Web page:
Journalist Ann All at ITBusinessedge has uncovered a few challenging job interview questions that go beyond the standard, “Where do you see yourself in five years”. The first comes from a recent New York Times interview with VMWare CEO Paul Maritz, who commented that he likes to grill candidates on something they’ve done in the past, and then ask: “Thinking about it now, what would you have done differently? What did you learn from that?”
The question requires a bit more self-analysis than admitting some lame “weakness” that isn’t a weakness at all. And it can help employers determine whether the person would be a good fit. According to Maritz, who’s quoted in the Times article:
“… If they blame everything that happened during that period on somebody else, that tells you that the person is probably not thoughtful or self-aware. If they can talk in length about what was really going on, why they made the decisions they did and how they would perhaps make the decision differently now, that tells you that this person thinks deeply and is honest enough to really be objective, or as objective as they can be about themselves.”
This dovetails with what we learned from Meridee Moore, founder of hedge fund Watershed Asset Management, who was also interviewed earlier in the year by the Times. Moore also likes to talk to candidates about a setback in their lives, and what they did about it. In fact, during the interview process for Moore’s firm, they give candidates a two-hour test and purposely try to throw them off balance. As Moore explains it:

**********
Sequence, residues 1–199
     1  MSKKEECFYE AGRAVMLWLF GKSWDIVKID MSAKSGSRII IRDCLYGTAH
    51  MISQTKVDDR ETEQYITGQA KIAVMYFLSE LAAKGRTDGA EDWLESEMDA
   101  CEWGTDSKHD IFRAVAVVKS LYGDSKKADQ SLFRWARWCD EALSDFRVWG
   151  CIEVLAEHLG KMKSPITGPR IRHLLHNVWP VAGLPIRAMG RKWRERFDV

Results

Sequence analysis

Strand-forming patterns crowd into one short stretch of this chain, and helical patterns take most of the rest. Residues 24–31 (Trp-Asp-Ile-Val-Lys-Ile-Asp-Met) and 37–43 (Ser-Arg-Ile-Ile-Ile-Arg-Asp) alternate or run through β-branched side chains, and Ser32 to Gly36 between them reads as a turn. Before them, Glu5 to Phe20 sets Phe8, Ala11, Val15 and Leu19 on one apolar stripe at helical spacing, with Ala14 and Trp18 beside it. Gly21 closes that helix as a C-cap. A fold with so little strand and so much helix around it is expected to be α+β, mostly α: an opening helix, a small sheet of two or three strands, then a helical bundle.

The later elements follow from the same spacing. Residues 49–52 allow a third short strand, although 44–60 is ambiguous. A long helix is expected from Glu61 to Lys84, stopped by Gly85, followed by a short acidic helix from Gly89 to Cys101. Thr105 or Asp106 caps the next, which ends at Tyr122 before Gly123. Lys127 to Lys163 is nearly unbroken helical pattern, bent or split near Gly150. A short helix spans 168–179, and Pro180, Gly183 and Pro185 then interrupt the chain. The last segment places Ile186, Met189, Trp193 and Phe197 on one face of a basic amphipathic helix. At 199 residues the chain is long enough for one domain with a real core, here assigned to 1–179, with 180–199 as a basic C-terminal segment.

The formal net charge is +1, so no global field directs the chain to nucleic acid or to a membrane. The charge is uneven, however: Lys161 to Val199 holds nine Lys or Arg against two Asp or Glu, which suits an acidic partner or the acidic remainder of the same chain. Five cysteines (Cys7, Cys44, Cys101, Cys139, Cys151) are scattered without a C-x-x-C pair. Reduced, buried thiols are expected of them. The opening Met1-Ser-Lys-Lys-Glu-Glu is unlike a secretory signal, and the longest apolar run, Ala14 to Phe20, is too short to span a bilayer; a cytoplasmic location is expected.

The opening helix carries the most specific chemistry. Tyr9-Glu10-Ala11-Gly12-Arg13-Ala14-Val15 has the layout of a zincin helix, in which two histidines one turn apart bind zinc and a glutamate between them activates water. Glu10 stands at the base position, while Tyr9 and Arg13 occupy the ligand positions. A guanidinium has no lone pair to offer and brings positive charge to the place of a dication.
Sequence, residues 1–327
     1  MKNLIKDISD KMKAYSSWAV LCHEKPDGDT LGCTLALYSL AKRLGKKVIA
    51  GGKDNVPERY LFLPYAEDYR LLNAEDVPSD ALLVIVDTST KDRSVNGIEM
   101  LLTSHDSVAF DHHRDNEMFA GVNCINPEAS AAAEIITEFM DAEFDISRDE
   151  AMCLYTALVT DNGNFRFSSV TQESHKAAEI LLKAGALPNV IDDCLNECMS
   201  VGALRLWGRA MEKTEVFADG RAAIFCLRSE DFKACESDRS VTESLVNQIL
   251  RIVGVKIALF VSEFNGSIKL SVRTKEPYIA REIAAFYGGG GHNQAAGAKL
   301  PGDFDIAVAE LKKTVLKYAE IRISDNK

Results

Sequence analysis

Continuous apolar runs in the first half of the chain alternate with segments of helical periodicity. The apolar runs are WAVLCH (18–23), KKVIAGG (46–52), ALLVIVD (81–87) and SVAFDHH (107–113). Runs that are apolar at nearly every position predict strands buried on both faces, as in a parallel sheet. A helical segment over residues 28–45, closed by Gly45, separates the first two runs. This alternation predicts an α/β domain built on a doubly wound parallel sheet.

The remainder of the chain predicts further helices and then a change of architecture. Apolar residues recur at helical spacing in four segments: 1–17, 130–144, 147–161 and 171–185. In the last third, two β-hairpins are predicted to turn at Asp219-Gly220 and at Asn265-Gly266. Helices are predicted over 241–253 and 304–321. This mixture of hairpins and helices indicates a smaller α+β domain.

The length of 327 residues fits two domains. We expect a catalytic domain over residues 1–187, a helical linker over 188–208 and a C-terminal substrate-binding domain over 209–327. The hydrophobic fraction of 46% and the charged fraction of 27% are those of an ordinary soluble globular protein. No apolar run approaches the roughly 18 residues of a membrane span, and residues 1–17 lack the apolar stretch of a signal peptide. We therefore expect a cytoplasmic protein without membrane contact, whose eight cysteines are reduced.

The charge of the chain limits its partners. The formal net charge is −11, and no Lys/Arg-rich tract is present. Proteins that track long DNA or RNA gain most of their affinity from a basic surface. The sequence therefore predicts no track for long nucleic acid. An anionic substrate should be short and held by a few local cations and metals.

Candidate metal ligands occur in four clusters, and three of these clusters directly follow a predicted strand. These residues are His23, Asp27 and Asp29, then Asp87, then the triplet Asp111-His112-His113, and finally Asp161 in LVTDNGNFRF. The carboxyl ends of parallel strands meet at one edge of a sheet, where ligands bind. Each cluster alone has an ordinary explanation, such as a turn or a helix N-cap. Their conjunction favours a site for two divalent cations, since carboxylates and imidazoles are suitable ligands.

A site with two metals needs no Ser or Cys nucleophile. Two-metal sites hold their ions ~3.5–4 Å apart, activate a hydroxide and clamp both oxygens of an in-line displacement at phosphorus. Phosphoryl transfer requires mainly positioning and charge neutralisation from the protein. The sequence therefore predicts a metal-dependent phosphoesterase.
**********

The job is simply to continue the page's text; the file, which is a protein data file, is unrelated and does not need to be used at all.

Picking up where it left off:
“We try to simulate a real office experience by giving them an investment idea and the raw material, the annual report, some documents, and then we tell them where the securities prices are. We say: “Here’s a calculator, a pencil and a sandwich. We’ll be back in two hours.” If an analyst comes in there and just attacks the project with relish, that’s a good sign.”
After the test, Moore likes to ask basic questions about the possible investment, seeking information about the company’s revenue model, its customers and its products. If interviewees avoid these questions and prefer to discuss their calculations, they may be “too rigid” for Watershed Asset Management’s culture.
Another question that Moore likes to ask is whether this person has ever been in a wedding party.
“If someone has asked them to stand next to him on the most important day of his life, at least one person thinks they are responsible. It means they’ve been able to establish and continue a relationship. These are good qualities in a person and a partner,” Moore says.
What’s the toughest question you’ve ever had to field in a hedge fund job interview? Do you have a pet question you like to use when grilling a candidate? Add your comments below.